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PostPosted: Sun Jul 09, 2017 11:25 am 
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Hi,

I am converting my interior garage on a 2015 UK Persimmon new build house into a workshop. I have already replaced the garage door with French doors allowing natural light in, but I now want to upgrade my interior lighting.

At present I have two pendant light fittings which I believe run to their own circuit braker in the fuse box. I would like to replace one of the pendant lights with four LED ceiling panels, possible one of these types: https://www.lightrabbit.co.uk/catalogsearch/result/?q=cool+white+595*595mm+Panel+light

I would like to recess these lights into my ceiling so they are flush and I have a couple of questions regarding this:

1. Is the single pendant light wiring strong enough and safe enough to run four of these LED panels?

2. As I mentioned I would light to recess these lights into the plasterboard ceiling and I am wondering if this would be ok? My main concern is that if heat builds up in the lights and drivers they could start a fire, especially if in near proximity to any insulation?

I would appreciate any help with this and please feel free to let me know if I have missed anything obvious that could be a hazard!

Many thanks,

Stophen.


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PostPosted: Sun Jul 09, 2017 1:47 pm 
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1) Very probably. (Depends what they existing lamps are supplied by)

2) Is there a bedroom above the garage? if there is the plasterboard ceiling will be acting as a fire barrier and if you cut a hole in it heaven forbid there is a fire in the garage, but if there is a fire there is "nothing" to stop the fire going into the bedroom.

If there is no bedroom above the garage then you should always remove insulation around any light fitting as it can do its job too well (Insulate) and make the light fitting overheat.

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PostPosted: Sun Jul 09, 2017 3:05 pm 
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A properly installed lighting circuit will be protected by a 6A circuit breaker and wiring to match (1mm or 1.5mm) and should also be part of an RCD protected circuit.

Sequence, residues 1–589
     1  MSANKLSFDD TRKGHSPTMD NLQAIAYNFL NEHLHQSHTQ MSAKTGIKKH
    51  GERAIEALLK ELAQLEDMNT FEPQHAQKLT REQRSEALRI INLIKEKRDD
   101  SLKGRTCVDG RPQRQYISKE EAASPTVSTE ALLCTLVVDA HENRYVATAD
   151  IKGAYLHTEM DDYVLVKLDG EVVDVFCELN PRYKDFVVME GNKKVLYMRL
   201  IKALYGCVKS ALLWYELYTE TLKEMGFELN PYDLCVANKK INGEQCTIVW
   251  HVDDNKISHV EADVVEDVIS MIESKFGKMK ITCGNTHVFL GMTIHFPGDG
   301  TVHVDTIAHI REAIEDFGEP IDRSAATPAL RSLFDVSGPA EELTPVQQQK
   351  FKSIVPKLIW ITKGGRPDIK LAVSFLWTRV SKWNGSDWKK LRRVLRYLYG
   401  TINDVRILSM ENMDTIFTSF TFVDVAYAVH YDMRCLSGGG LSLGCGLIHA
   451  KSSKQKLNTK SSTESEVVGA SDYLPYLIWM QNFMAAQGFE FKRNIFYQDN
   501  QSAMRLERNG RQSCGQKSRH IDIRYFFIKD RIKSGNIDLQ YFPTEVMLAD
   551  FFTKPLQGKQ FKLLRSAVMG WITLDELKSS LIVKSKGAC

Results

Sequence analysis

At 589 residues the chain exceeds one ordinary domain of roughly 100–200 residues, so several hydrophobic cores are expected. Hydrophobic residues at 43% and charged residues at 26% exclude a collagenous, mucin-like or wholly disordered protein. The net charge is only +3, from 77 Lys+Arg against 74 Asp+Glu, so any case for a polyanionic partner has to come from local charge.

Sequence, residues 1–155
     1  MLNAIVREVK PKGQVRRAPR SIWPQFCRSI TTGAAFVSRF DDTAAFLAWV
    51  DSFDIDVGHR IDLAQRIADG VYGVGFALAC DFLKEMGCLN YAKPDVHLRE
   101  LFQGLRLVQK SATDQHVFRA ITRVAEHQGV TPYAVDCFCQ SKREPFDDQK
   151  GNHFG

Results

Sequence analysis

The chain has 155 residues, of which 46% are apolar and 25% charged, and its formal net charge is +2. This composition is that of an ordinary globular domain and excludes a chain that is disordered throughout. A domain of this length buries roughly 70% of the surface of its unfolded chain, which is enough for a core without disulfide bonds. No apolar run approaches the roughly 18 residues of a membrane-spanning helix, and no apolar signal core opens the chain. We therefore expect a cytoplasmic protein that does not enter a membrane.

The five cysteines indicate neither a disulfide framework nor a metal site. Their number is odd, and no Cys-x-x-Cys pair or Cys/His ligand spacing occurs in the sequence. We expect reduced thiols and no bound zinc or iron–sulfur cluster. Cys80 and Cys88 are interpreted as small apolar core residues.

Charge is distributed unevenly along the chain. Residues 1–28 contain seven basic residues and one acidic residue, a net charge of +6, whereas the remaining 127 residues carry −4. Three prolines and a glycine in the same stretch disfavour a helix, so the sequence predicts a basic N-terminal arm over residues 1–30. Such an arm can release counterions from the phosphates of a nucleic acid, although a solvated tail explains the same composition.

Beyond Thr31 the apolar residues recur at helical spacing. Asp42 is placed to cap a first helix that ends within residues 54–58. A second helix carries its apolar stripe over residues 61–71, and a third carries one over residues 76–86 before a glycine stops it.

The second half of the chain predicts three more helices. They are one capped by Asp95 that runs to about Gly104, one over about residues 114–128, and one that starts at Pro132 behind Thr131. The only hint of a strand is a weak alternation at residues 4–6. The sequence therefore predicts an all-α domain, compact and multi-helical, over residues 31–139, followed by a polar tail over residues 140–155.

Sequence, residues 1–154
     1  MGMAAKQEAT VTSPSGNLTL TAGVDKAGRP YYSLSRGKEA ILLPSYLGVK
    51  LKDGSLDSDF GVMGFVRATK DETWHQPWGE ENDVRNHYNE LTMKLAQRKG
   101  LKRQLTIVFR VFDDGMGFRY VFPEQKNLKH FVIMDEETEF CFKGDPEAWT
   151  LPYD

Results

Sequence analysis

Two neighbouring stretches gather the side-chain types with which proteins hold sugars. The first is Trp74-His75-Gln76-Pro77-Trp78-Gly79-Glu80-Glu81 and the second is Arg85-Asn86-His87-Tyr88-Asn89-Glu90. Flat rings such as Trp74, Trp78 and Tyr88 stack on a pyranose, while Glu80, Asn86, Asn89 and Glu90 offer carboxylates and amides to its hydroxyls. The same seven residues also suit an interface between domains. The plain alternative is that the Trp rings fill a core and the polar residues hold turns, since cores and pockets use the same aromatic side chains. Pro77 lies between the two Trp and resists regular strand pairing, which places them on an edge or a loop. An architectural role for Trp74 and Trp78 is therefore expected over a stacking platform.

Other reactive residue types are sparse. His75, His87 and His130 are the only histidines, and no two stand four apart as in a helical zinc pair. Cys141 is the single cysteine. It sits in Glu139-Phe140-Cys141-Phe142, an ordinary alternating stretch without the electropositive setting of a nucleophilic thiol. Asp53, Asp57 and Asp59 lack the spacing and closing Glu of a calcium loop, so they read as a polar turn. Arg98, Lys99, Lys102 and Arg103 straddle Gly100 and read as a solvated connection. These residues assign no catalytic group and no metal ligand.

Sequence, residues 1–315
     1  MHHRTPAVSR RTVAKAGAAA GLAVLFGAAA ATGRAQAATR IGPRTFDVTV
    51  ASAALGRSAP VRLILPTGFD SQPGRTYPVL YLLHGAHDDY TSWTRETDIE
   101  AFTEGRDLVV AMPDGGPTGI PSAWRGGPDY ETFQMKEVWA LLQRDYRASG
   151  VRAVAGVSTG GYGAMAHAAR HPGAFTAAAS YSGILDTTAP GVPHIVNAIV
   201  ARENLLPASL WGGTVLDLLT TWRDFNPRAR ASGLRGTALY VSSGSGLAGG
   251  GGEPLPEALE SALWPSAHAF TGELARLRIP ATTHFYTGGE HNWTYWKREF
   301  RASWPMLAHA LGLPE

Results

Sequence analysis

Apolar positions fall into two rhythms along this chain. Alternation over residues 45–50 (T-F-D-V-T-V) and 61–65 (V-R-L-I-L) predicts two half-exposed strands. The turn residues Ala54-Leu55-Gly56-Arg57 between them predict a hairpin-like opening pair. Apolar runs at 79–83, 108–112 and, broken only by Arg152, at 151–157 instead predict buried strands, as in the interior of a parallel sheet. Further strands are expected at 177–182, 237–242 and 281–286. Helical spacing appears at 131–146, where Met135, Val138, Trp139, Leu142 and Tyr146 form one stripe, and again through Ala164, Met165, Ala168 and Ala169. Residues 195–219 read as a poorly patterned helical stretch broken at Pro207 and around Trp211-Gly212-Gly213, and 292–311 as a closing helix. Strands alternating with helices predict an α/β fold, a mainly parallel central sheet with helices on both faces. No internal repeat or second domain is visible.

If this is the case then the lighting circuit can support a maximum of 1.5kW (or thereabouts) of lighting. Note that the 'circuit' may be an extension from the house lighting OR a separately wired one from a supply dedicated to the garage. Check.

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PostPosted: Sun Jul 09, 2017 7:51 pm 
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Hi,

Many thanks for your replies.

I do have a bedroom above the garage so will surface mount the LED panels to the ceiling without removing any of the plaster board (according to the manufactures instructions).

Cheers, Stophen.


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PostPosted: Tue Jul 11, 2017 3:00 pm 
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I would not want to drill holes is a garage ceiling as it can effect the fire resistance, your link has many lights and seems faulty so no idea what you were looking at. My garage has fluorescent lamps one where original lamp was, then simple link cables to the next one using stuffing glands in the end of lights, not too good to look at, but loads of light, and cheap, since mine are old there is likely a stroboscopic problem with rotating parts, however LED can have same problem.

The maximum supply for lighting is 16A however many lighting parts are rated 6A for example a ceiling rose, so normally there is a 6 amp fuse/MCB/RCBO on lighting circuits. There is only a requirement for RCD protection in the bathroom, and for buried cables of certain types, however it would be unusual not to have RCD protection.

The standard design is to allow for every lamp to be 60W, I know that is not longer required with LED lighting but it would be very unusual to find any problems with supplying any lamp under 60W.



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PostPosted: Tue Jul 11, 2017 6:34 pm 
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ericmark wrote:
There is only a requirement for RCD protection in the bathroom, and for buried cables of certain types, however it would be unusual not to have RCD protection.

That will change on the 1st Jan


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